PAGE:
Additionally, surveys can help you rearrange your priorities and get to the root of what really matters to your customers.

You may find that certain products or services are more popular than others. You might even find you have an untapped potential by offering something else you didn’t think of before.

Say you’re a nutritionist and personal trainer who offers packages geared mostly towards healthy eating advice. However, you might get survey results that say people would rather pay more to get additional workout and exercise programs. Even more so, you find your audience isn’t all that interested in one of the packages you offer. This may be the ideal time to consider realigning your priorities and focus less on nutrition by balancing those services with exercise options. Doing so shows you’re capable of listening and allows you to offer something new to current customers based on direct responses. 

Adaptation is key to a business’s long-term success. Your priorities shouldn’t remain the same every month or year. By often surveying your audience, you won’t run the risk of falling behind the market. Or losing customers by not actually offering the services they most want.   

4. Manage Your Reputation

It’s important to maintain your online reputation the best you can. You may not agree with every survey response you receive. But there is always a way to respond with professionalism.

Say you’re hearing a ton of negative comments about your production times. However, you know that your company works as fast as it can to get products to your customers. This may be the time to create a marketing campaign that gives customers an inside look at production, why it takes so long, and the value in not cutting corners.

Your audience will value their feedback being addressed and come to better understand how your business operates.

5. View Your Business From The Customer’s Perspective

Surveying your target audience is an opportunity to see your business through someone else’s eyes. Responses can shed light on an idea or opinion you may not have ever thought of before. There may even be additional opportunities to do some good like making charitable donations or offering discounts to essential personnel. You might find out you can make a certain aspect of your business even stronger. 

6. Give Management And Employees A Chance To Adjust 

You’ve conducted a survey and see that perhaps you’ve been focusing all of your efforts on delivery services. If most of your customers say delivery is seamless, but a few of your staff are poorly trained, rude, or make continual errors, it may be time to make some tough decisions. 

Getting both positive and negative feedback helps your ability to come up with a game plan. In this case, you may want to congratulate your team on amazing delivery services. However, you will also need to transition and spend more time and resources on training. If necessary, you may need to let go of workers who are unwilling to learn, adapt, and alter their work style. But by doing so, your client base will see you’ve improved and potentially become repeat customers.

Make The Best Business Decision By Choosing Expert Copywriters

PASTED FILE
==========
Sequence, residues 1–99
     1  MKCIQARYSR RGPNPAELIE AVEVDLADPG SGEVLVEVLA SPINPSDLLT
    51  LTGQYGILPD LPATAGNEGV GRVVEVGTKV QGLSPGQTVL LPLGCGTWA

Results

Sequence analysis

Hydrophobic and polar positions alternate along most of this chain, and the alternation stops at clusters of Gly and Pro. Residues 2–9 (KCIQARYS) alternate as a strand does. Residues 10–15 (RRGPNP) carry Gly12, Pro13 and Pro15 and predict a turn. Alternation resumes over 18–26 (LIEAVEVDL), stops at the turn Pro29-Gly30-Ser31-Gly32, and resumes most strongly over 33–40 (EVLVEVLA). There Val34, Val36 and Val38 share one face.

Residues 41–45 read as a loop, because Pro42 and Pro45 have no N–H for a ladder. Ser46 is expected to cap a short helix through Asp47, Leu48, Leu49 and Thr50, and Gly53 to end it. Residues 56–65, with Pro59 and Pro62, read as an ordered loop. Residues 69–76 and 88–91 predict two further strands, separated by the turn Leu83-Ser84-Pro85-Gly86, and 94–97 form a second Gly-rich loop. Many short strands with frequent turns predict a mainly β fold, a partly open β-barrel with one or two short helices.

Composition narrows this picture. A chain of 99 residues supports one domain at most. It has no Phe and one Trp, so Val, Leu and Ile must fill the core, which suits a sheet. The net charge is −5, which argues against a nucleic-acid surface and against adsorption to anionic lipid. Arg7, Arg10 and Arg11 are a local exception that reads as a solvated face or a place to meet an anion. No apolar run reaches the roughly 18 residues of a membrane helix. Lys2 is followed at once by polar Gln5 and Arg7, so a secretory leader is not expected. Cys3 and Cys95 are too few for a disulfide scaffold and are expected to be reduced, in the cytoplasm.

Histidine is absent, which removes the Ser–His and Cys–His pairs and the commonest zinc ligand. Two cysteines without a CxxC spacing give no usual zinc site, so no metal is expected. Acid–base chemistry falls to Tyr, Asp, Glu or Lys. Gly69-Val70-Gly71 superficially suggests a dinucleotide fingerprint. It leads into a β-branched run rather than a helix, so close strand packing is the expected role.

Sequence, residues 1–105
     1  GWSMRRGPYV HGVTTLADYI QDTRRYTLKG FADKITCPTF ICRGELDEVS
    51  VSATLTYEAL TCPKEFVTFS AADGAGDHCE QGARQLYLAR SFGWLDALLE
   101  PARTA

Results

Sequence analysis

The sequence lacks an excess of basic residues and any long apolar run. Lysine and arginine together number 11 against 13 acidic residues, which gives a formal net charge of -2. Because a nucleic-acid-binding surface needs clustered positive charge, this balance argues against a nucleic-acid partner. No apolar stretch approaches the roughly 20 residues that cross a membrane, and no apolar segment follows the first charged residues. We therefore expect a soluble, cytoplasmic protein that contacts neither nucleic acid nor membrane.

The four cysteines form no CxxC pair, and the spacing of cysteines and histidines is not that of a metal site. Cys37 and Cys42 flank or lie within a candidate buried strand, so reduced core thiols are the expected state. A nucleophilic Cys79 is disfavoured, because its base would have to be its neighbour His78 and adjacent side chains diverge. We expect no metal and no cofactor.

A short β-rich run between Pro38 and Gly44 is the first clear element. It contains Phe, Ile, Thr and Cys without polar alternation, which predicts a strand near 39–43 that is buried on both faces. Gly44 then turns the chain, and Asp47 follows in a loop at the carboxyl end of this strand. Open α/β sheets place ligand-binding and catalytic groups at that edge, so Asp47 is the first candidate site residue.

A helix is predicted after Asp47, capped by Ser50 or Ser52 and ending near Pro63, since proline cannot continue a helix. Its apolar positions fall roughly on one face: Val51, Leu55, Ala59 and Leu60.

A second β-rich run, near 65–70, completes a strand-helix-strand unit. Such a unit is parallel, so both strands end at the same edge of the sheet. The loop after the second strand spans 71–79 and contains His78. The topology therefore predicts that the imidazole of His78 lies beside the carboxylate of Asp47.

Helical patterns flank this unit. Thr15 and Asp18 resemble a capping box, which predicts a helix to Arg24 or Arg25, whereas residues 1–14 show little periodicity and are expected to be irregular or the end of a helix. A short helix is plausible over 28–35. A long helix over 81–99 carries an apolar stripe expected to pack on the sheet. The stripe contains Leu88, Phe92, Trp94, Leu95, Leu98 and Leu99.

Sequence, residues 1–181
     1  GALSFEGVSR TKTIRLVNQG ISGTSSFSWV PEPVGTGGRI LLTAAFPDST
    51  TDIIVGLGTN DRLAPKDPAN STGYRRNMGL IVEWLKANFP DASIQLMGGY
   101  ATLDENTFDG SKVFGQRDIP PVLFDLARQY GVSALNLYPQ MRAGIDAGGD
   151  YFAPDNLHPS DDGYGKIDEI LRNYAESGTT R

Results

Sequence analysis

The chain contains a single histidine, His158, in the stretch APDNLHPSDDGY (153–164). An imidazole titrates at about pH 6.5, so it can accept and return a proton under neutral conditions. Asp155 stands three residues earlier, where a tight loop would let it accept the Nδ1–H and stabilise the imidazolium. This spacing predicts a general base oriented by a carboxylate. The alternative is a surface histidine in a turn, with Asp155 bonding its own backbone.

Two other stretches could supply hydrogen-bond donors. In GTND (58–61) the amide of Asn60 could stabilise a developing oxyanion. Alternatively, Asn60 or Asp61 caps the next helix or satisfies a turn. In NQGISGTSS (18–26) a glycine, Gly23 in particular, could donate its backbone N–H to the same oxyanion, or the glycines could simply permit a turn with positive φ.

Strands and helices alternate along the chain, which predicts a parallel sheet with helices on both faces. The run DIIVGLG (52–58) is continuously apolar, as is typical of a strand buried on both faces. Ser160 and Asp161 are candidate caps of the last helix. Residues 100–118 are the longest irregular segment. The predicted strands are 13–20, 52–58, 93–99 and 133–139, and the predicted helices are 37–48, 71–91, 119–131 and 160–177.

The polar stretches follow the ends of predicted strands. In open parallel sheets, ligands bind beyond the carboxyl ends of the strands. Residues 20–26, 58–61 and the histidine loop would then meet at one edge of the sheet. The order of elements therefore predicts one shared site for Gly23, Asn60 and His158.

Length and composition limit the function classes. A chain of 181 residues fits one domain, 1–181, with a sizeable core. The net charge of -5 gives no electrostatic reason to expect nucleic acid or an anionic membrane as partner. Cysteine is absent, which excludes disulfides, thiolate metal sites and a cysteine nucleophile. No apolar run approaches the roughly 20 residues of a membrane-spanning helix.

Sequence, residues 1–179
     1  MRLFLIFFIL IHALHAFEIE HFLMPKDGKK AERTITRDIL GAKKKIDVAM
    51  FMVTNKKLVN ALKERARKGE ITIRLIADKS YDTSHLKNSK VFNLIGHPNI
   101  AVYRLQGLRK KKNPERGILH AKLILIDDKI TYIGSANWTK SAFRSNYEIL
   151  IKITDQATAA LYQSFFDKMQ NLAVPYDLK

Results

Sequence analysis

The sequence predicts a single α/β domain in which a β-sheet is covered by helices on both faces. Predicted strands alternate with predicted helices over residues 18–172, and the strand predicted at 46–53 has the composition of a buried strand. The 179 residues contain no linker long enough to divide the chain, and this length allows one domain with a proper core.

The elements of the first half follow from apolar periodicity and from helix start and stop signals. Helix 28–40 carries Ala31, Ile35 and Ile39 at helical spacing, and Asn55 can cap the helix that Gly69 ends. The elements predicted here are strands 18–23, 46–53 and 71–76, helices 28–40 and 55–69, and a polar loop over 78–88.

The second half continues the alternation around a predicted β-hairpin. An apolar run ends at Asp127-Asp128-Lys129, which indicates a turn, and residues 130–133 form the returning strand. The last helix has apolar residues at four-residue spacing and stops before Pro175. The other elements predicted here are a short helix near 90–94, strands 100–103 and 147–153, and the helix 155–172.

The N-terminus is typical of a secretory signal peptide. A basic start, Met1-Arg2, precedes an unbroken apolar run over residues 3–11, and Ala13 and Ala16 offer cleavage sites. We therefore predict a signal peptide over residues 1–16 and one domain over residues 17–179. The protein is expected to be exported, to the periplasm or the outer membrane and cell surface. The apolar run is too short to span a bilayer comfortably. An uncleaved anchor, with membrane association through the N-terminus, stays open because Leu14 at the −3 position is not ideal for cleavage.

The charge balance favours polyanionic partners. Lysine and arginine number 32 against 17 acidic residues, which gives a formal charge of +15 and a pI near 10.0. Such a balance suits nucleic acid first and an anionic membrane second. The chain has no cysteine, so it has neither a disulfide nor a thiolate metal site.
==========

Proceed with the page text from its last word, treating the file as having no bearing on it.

After you’ve surveyed your audience, you might feel ready to take the next step but don’t know where to start. Have a list of deliverables in mind? What about a marketing campaign you’re SO ready to get fired up?

Whether you need completely new website copy and additional pages, or just a few blog articles to send out, we can do it all! 

Get started on creating the best lead generation ideas for your business.

Focus Your Copy On Conversation & Conversion

Let’s Grab A Virtual Coffee With Us To Discover How To Boost Your Words
Questions To Discover Your Brand Voice

5 Key Questions To Learn How To Discover Your Brand Voice

Learning how to discover your brand voice sounds complex and tedious. But once you start answering the questions you need to ask yourself, it becomes quite a bit easier. 

Now, you may think: Is it really a big deal if I don’t have a brand voice? 

Do I need one?

Yes! And not because we’re telling you to do so, but because companies with a brand voice sell better and make more money. It’s the one thing that gives you the warm and fuzzy feeling when they hear it. A well-developed brand voice is both familiar and trustworthy.

Everyone knows about the big brands like Apple, Google, and Coca-Cola. But even today’s large companies started small not too long ago and increased their revenue by creating a brand voice that’s all their own. These companies include ones like:

  • Billie: Billie launched in 2017, raising $6 million at its initial stages. By 2019, the razor company dedicated to women raised $25 million, led by Goldman Sachs Private Capital Investing Group.
  • Poo-Pourri: Saw an 80% increase of $15 million to $27 million in sales after a digital campaign went viral.
  • Casper: The mattress company earned $100 million in less than two years.

On top of each of these being great ideas, what do they all have in common? Their branding is recognizable and pushed them to the next level, seeing a huge return on their investment.

We’ll walk you through the 5 questions you should be asking to learn how to discover your brand voice.

Struggling to find your brand voice or unsure of where to begin? We’ve got you covered. Get started with us, and we’ll write it for you!

What To Ask To Discover Your Brand Voice

Did you know it takes about 5 to 7 impressions for customers to start recognizing a brand?